IN THIS ISSUE:
- Basic science students introduced to their role in clinical and translational research
- NIH opens pathways for collaborations between intramural and extramural investigators
- Study subjects in non-ideal circumstances deserve ethical treatment
- NIH welcomes new clinical fellows
- New Telework Feature in ITAS
- B2 level pedestrian walkway increases safety and efficiency
- Clinical Center staff honored with NIH Directors Awards
- Project SEARCH interns get first taste of NIH
- NIH dedicates special day to siblings of CC pediatric patients
- Public Health Corps officers rise to new rank and responsibilities
- Registration for pharmacology course open
- Department of Transfusion Medicine symposiums address latest in the field
- Try a little PLC (Plain Language Care)
- Upcoming Lectures
- New Clinical Research Protocols
ABOUT CC NEWS:
Published monthly for CC employees by the Office of Communications, Patient Recruitment, and Public Liaison. News, article ideas, calendar events, letters, and photographs are welcome. Submissions may be edited.
Clinical Center News
National Institutes of Health
Building 10, 10 Center Drive
Bethesda, MD 20892-1504
Lipsett Amphitheater, 12 noon
Lectures will be videocast.
Research, Evidence-Based Medicine and the Art of Healing
Richard Colgan, MD
Associate Professor, University of Maryland School of Medicine
Director, Undergraduate Education, Department of Family and Community Medicine
Research in Emergency Settings
Dave Wendler, MA, PhD
Head, Unit on Vulnerable Populations
Department of Bioethics, NIH Clinical Center
Raising the Bar for Publishing the Results of Clinical and Translational Research
Joseph E. Parrillo, MD
Professor and Chairman, Department of Medicine, Cooper Medical School of Rowan University
Director, Cooper Heart Institute, Cooper University Hospital
Diversity as a Vital Component of Health Systems Innovation
Marc Nivet, EdD
Chief Diversity Officer, Association of American Medical Colleges
Randomized Controlled Trials for Efficacy and Effectiveness Research
Denise Simons-Morton, MD, PhD
Director, Division for the Application of Research Discoveries
National Heart, Lung, and Blood Institute
The following new protocols were approved in June:
- Estimation of Brain Biomechanics using MRI; 12-CC-0139; Dr. John Butman; CC
- Clofarabine Followed by Lenalidomide for Treatment of High Risk Myelodysplastic Syndromes and Acute Myeloid Leukemia; 12-H-0146; Dr. Jeffrey K. Klotz; NHLBI
- Genetic Studies of Non-Alcoholic Fatty Liver Disease; 12-HG-0147; Dr. Maximilian Muenke; NHGRI
- SARC016: Phase 2 Study of the mTOR Inhibitor Everolimus in Combination with Bevacizumab in Patients with Sporadic and Neurofibromatosis Type 1 (NF1) Related Refractory Malignant Peripheral Nerve Sheath Tumors; 12-C-0148; Dr. Brigitte C. Widemann; NCI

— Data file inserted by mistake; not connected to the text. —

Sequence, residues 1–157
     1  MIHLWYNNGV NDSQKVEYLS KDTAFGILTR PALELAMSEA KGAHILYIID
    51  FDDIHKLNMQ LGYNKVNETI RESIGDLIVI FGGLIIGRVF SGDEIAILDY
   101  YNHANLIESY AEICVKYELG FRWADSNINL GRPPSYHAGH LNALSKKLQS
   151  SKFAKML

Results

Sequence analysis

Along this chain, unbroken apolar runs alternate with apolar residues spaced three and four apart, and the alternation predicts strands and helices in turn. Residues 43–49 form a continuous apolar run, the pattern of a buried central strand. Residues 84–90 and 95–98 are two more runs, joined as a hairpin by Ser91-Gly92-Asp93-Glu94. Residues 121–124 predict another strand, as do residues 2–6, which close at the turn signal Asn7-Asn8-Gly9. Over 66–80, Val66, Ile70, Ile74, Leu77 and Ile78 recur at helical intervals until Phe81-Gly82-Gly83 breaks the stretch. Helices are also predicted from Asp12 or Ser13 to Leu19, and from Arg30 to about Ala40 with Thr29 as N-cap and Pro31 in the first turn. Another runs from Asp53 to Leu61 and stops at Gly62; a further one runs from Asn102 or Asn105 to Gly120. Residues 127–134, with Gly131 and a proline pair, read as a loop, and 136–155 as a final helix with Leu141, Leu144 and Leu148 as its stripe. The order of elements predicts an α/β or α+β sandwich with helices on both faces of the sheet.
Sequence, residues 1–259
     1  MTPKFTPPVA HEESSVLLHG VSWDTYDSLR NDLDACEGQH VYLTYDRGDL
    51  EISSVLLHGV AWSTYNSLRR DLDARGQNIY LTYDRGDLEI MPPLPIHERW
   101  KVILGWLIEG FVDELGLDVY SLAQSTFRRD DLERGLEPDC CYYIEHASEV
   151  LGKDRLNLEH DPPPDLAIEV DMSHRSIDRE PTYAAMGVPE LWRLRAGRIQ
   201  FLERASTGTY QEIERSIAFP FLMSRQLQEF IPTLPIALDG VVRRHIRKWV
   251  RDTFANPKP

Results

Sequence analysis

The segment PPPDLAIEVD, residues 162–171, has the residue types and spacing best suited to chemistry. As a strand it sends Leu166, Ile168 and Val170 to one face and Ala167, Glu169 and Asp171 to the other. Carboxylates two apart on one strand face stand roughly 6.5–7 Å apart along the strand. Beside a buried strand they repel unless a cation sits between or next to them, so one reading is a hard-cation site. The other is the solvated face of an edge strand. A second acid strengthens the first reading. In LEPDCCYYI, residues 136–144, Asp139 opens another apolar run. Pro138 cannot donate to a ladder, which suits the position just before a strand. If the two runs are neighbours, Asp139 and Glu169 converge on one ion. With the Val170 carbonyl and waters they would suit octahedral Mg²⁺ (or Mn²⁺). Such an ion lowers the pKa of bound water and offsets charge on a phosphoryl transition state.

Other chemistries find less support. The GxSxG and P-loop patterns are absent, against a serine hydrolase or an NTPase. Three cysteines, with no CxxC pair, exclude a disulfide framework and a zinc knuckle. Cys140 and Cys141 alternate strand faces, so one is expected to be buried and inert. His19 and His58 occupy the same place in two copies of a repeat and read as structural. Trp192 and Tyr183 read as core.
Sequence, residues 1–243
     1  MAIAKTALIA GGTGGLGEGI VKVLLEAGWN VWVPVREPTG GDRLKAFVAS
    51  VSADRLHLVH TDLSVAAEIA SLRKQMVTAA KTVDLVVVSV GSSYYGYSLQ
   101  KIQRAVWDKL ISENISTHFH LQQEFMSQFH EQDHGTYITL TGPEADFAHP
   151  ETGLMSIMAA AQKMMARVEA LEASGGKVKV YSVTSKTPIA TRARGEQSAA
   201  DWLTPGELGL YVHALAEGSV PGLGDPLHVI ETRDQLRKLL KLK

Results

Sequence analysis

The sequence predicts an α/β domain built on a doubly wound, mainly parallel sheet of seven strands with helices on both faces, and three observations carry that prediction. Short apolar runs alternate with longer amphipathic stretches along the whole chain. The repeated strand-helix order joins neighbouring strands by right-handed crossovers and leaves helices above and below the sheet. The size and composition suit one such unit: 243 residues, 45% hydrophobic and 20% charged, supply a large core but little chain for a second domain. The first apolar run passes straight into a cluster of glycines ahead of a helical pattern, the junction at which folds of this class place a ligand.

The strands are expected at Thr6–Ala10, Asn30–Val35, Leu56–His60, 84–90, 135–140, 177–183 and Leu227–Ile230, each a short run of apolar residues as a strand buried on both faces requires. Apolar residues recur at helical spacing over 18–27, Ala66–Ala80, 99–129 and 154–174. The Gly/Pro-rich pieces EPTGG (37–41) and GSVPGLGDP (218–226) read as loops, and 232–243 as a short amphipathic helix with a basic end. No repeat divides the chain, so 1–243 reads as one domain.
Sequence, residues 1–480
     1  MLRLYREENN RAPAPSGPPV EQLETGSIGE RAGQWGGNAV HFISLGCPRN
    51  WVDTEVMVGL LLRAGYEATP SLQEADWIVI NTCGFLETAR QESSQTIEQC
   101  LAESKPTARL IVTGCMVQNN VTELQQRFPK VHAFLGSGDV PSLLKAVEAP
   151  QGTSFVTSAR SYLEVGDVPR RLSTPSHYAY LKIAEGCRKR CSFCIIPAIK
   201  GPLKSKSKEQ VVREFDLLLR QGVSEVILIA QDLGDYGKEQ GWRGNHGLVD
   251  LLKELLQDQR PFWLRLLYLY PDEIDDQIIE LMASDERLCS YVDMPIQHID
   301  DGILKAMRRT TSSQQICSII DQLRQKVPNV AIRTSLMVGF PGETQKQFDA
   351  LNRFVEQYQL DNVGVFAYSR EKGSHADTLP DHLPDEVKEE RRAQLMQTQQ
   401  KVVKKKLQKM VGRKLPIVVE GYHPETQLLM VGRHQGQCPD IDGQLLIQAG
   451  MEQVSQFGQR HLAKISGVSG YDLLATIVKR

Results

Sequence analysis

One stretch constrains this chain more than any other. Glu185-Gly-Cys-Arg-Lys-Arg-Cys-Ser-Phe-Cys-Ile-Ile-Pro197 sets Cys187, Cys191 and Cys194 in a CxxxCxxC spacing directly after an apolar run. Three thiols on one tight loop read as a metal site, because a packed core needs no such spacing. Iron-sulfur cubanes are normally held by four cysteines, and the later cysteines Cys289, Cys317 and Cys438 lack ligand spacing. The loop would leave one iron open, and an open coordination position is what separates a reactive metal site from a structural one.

- Eltrombopag Added to Standard Immunosuppression in Treatment-Naive Severe Aplastic Anemia; 12-H-0150; Dr. Danielle M. Townsley; NHLBI
- Phase II Evaluation of Mithramycin, an Inhibitor of Cancer Stem Cell Signaling, in Patients with Malignancies Involving Lungs, Esophagus, Pleura, or Mediastinum; 12-C-0151; Dr. David S. Schrump; NCI
- Normative Values in Audiovestibular Testing; 12-DC-0152; Dr. Carmen C. Brewer; NIDCD
- Evaluation of Patients with Gastrointestinal Disease; 12-DK-0154; Dr. Stephen A. Wank; NIDDK
- Acceptance and Commitment Therapy for Adolescents and Adults with Neurofibromatosis Type 1 and Chronic Pain: A Pilot Study; 12-C-0155; Dr. Staci M. Peron; NCI
- A Randomized, Placebo-controlled, Double-blind, Multicenter Phase II Trial of Intravenous GC33 at 1600 mg Q2W in PreviouslyTreated Patients with Unresectable Advanced or Metastatic Hepatocellular Carcinoma (HCC); 12-C-0156; Dr. Tim F. Greten; NCI
- Quantitative Myocardial Perfusion, Myocardial Scarring and Their Contribution to Late Clinical Decompensation in Adults with Congenital Heart Disease; 12-H-0158; Dr. Andrew E. Arai; NHLBI
- Effects of Antimicrobial Treatments on the Microbiome in Healthy Volunteers and Patients with Atopic Dermatitis; 12-C-0159; Dr. Heidi H. Kong; NCI
- Validation of the English Version of the Pain Interference Index and the Pain Rating Scale in Children, Adolescents, and Young Adults with Chronic Illness and their Parents; 12-C-0160; Dr. Staci M. Peron; NCI
- Therapeutic Trial of EPI - 74 3 In Patients with Disorders of Energy Utilization or Oxidation-Reduction; 12-HG-0161; Dr. William A. Gahl; NHGRI
NIH piloted training program to encourage careers and partnerships
|Dr. Juan Lertora, faculty lead of the Course in Clinical and Translational Research for Ph.D. Students, was one of many presenters during the course's two-week pilot in mid-July.|
Doctoral students in the basic biomedical sciences have a new resource for an introduction to clinical and translational research. A Clinical Center pilot program aims to increase the pool of potential researchers and collaborators by showing them opportunities in a broader field.
The Course in Clinical and Translational Research for Ph.D. Students welcomed its first class of 16 students on July 9. This pilot program invited participants for a two-week curriculum, taught on the NIH campus, to build a foundation in clinical and translational research in an effort to encourage young scientists to consider a future in the field. Students met with role models in the basic sciences from across the NIH intramural program who play key roles in clinical research studies.
"Sometimes, students working on very focused projects may not have a vision as to how their work will be integrated into a clinical application," said Dr. Juan Lertora, director of clinical pharmacology and faculty lead for the new program. "This program broadens their perspective and thereby increases the potential for translation of basic laboratory observations to clinical medicine."
Through lecture and interactive sessions, participants learned principles of clinical and translational research design, implementation, and analysis, and the process of scientific and ethical review.